So what really is the point of the crime-mapping site? Is it really a new high point in criminal transparency – or just a blow to homebuyers and sellers across the country?


I’m not really sure what the point of this website is and even more so how anyone justified its cost in such austere times.

All it does is allow some people to gloat about where they live, and mock others who have crime stats on their streets, whoopedee-doo

What would be far more accountable to the public is a regularly updated table showing offences by seriousness of recorded crime, how many offences were resolved, and how many officers’ man hours are available in that area with an ability to compare areas with similar levels of crime and areas against national benchmarks. i.e. something that shows us how effective policing is in an area.

as it stands, the Crime Map is just an expensive toy.

How true Fat Sam’s comments are I vote for him as chief Constable.
I have lived in this world 60 years and all we got was how hard they ( police ) are working to protect us but most of it is hot air don’t see much of it on the ground.

Totally disagree

A quick check for my immediate area shows NO crime reported – Before CCTV (which we campaigned for) the number of cars stolen or broken into was significant (around daily) – none now – Before Neighbourhood Watch muggings were significant – now zero, This is a very deprived area of East London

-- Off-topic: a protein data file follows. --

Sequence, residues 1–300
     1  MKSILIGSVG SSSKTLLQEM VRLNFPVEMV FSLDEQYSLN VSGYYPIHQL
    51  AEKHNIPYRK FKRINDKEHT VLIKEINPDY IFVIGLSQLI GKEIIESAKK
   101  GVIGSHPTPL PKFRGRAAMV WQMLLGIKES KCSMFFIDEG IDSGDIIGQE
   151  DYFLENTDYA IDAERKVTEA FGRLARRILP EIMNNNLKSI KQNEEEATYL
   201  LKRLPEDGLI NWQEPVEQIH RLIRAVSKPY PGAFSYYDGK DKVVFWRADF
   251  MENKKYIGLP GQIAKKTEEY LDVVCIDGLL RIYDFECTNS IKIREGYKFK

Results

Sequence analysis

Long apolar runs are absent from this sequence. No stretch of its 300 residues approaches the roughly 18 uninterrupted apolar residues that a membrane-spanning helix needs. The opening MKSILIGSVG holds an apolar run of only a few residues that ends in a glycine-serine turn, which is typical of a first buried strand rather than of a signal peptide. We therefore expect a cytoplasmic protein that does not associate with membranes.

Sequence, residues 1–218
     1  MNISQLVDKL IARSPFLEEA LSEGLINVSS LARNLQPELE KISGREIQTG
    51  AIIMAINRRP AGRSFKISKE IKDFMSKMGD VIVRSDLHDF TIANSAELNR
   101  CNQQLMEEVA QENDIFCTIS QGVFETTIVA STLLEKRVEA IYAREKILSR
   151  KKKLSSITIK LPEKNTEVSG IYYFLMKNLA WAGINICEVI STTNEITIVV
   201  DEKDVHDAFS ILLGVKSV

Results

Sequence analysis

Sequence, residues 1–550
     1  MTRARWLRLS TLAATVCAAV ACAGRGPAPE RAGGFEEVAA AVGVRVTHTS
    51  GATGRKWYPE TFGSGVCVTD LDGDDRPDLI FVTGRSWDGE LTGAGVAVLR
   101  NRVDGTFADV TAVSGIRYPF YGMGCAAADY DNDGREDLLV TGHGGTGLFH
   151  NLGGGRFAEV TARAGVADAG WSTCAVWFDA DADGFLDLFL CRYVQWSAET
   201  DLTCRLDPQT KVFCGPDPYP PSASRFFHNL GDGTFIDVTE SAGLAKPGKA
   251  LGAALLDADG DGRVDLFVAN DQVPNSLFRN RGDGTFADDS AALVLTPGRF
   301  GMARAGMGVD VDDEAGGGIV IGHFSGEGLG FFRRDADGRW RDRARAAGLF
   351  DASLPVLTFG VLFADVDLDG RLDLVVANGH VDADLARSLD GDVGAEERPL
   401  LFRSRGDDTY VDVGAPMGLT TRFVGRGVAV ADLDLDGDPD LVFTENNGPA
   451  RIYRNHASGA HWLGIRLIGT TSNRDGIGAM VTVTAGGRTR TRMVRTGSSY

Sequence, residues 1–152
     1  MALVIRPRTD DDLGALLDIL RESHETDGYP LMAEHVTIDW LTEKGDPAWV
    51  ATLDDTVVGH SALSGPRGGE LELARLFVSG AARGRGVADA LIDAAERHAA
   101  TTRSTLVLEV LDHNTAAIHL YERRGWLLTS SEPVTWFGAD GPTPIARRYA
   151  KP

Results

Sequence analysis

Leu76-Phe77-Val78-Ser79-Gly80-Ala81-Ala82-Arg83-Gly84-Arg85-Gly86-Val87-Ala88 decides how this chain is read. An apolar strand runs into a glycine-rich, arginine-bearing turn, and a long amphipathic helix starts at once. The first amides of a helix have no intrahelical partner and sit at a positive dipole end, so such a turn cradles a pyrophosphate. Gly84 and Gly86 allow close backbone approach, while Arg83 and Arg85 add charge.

Shows that cooperation WITH police has led to a very large reduction of crime locally – So my feeling of safety has been confirmed by the information shown. If no crime police ARE effective!

I would like more details IF there is crime – But the fact there is now none – is USEFUL TO KNOW.

Opps – Neighbourhood Watch reduced burglaries not Muggings – Police patrols reduced muggings. Mind you we have always welcomed the police.

What it will be like with the Condem imposed cuts in police is difficult to tell – But the data base WILL show any detrimental effects of that police cuts and increase in unemployment due to CONDEM imposed cuts.

So a very useful tool to bash the Condems with!.

sorry Richard, are you looking at the same map? I don’t seem to be able to see the part of the map that shows historic data to enable such a comparison with the past to show trends. Can you paste a link?


Sorry no links –